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Almost every photo can benefit from some enhancement, from exposure adjustments to cropping. In this course, author Rich Harrington shows how to improve photos using iPhoto. The course describes how to crop and straighten photos; remove red eye; improve exposure, color, and contrast; and refine images by retouching blemishes, removing noise, and adding special effects like vignettes.
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When you work with photos, sepia tone is a popular look. Sometimes it's referred to as a duotone, but essentially it's a black and white image, with a little bit of color. Now, you've already seen some of these techniques, but I'd like to formally visit them, and give you a couple of additional options. There is a Sepia button, and by default, you could turn the effect on, or off. And to be perfectly honest, it kind of sucks. I would not recommend using the Sepia effect to get a sepia effect. Instead, I would take a look at Antique, and combine that, or Black and White, with Boost, and that starts to shift the color.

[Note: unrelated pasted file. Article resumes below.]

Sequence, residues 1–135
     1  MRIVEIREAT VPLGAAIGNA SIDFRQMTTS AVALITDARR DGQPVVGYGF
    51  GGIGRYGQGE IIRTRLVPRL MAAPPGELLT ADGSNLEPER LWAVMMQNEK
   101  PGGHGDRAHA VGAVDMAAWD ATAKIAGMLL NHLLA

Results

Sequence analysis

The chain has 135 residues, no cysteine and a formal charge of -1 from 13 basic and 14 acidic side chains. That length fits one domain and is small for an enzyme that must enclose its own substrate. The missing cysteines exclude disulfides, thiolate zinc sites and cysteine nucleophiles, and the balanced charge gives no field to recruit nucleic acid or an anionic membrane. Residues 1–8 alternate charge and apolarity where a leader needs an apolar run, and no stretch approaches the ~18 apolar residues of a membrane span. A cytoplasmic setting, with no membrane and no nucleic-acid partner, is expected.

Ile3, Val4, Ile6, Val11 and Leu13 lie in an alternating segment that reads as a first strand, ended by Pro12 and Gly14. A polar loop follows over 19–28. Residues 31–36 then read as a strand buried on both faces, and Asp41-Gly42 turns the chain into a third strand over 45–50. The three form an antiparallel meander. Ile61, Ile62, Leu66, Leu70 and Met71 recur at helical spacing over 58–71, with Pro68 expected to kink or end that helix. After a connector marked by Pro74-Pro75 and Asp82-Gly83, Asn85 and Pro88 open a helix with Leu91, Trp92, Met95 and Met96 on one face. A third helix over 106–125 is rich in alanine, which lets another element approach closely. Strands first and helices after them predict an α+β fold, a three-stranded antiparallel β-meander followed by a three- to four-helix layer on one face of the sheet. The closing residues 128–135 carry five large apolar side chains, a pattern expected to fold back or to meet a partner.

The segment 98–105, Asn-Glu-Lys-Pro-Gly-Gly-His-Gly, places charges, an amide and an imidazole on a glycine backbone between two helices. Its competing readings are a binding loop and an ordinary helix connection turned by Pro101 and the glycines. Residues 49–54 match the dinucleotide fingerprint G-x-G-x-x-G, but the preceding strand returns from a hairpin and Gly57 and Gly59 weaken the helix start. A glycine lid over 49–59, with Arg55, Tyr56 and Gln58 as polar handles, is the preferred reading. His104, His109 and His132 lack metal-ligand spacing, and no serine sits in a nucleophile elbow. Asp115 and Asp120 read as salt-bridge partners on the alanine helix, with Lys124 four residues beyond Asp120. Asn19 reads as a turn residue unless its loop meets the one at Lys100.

Now, when you do that, it's going to get really dark, so you'll need to come over to Adjust, and open up the Exposure. And notice, that's a much nicer sepia effect. What we have here is the brownish tint, but better contrast. It doesn't just look like you put a piece of colored gel on top. Let's take a look at two more images. The Sepia effect is just a cheesy effect. However, Antique works nicely in this case, and as I strengthen it, it takes out more of the color in the image.
A little bit of contrast brings that back, and I think that looks a lot better than the starting Sepia effect. So, Antique with high Contrast, in my mind, makes a more natural sepia effect. One more image. The default Sepia effect. With this particular image, it's okay, but I do think Antique is looking nicer here, with some Boost, and then we'll darken that image down, and come on over here and pull the Saturation a bit.
That's looking good. I'm going to pull the Highlights down a little, and pull the Exposure. Now, it's up to you how this works, and you can remember that you can use the Temperature slider to refine the effect. But as you play, consider strongly using some of the other effects here, like Boost, and Antique over the traditional Sepia effect. I'll often refine that with a little bit of blur at the edges, and sometimes a Vignette can be used as well, but the iPhoto Vignette tends to look a bit artificial, so use it with restraint.
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